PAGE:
But perhaps she was jealous because she only arrived this afternoon in Geneva and missed the extraordinary events that occurred in the Palais des Nations today. Even now, many hours later, it’s hard to digest them, hard to even conceive that I was there. But the UN itself may have received a powerful blow to its prestige from which it will never recover. Given the circumstances, it doesn’t deserve to.
It all began for me around three o’clock. I was in Room 17, a giant meeting hall and had my eyes fixed, as did two or three hundred others, at the large television screen on stage. Ahmadinejad was beginning to address the conference in the main assembly hall just below us. But there was no English language translation coming out of my earphone. I was puzzled, but I wasn’t alone. What was the demon saying? Alan Dershowitz, seated directly behind me, was the first to speak out. He jumped to his feet and cried out, demanding the right to a translation of the Iranian’s speech. In my room at least, there was uniform agreement. People started crying out in frustration for a translation that wasn’t forthcoming. What was going on with the UN, where simultaneous translation was a given?
Just then, on the television screen, a couple of kids in clown suits started demonstrating in the aisles in front of Ahmadinejad. It seemed surreal. (I later learned they were members of a European Jewish delegation.) Everyone in my room appeared amazed, even pleased, but the clowns were unceremoniously escorted from the hall and Ahmadinejad resumed his speech. I thought this was some minor interruption of the sort one frequently sees in the US, but in what seemed like seconds, a number of national delegates were standing up in their seats in front of Ahmadinejad and walking out in his face. These included France, Belgium, the Czech Republic, the UK, etc… all countries that, I knew, had made a big deal about attending the conference, not the US, Canada, New Zealand, Australia, Italy, Poland, Germany and the Netherlands – that honor roll of countries with the sense to realize what a fiasco this was in front and refused to participate (how good they look now!).
This walkout precipitated, if anything, a bigger response in the room I was in where almost everyone was on their feet now, shouting at Ahmadinejad and racing for the door. I found my cameraman and headed down stairs toward the main salon. It was almost like a stampede at that point – right in the United Nations – people were so appalled by Ahmadinejad. We took a lot of footage of this with commentary by Dershowitz, Shelby Steele and John Voigt, which you will be able to see on PJTV.
Still, by then, I had only heard snippets of what Ahmadinejad had said that had prompted this reaction. Soon, however, it was all too clear. Here is a translation of just one passage – reprinted verbatim in their own English – provided by the perpetrators themselves, the Permanent Mission of the Islamic Republic of Iran to the UN:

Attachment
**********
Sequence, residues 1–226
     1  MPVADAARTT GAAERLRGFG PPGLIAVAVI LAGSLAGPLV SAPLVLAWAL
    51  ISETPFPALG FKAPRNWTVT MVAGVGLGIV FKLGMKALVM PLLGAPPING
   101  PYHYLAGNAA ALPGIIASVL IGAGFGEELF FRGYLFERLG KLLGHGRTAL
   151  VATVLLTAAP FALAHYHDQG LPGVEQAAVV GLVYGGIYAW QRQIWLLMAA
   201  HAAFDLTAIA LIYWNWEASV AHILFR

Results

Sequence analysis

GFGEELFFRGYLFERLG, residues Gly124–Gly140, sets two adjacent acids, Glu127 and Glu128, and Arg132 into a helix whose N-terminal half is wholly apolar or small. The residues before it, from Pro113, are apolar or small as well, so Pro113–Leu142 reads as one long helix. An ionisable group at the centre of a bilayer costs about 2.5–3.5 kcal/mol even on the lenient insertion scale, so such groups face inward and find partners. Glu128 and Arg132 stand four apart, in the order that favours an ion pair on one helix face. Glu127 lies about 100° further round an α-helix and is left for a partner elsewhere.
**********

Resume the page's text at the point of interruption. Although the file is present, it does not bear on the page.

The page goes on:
“Following the World War Two, they [the West? Security Council members?] resorted to military aggression to make an entire nation homeless, on the pretext of Jewish sufferings and the ambiguous and the dubious question of holocaust. [sic] They sent migrants from Europe, the United States and from other parts of the world to establish a totally racist government in the occupied Palestine…”
So there you have it – Holocaust denial in what was ostensibly the main speech of the Durban Review Conference. The Vatican (among others) condemned this as “extremist and unacceptable.” I have heard too that UN Secretary General Ban Ki-Moon is quite concerned about the fallout this will have for the UN, particularly for it’s heavily US financed pocketbook, if the American people start to have enough of this reactionary nonsense masquerading as anti-racism.
But wait – there’s more.
Because I had a press pass, I was able to attend Ahmadinejad’s press conference immediately after the walkouts. I didn’t really want to, but I felt, well, as they say, in for a dime, in for a dollar. This room too was jam-packed. I kept debating whether to ask a question, not that I could have. Only about six were answered. Ahmadinejad drones on and on, of course. Listening to him answer questions is terrifying and instructive at once. I know this sounds like a bit of an exaggeration (and, yes, I’m aware of Godwin’s Law) but it must be a little like it was to have listened to Hitler and Stalin. Language is turned upside down. Everything is its opposite. “Democracy” is totalitarianism. “Human rights” are oppression. “Freedom” is repression. You head starts to spin. I think I remember from 1984 that Winston Smith got a headache listening to that kind of language. I can well understand it.
I’m too tired now to go on. It’s one in the morning here in Geneva. I am looking out the hotel window to make sure he is gone. What remains as a question is who allowed Ahmadinejad to speak at this conference in such a prominent position? It would be interesting to find out – and to understand their reasoning. More later.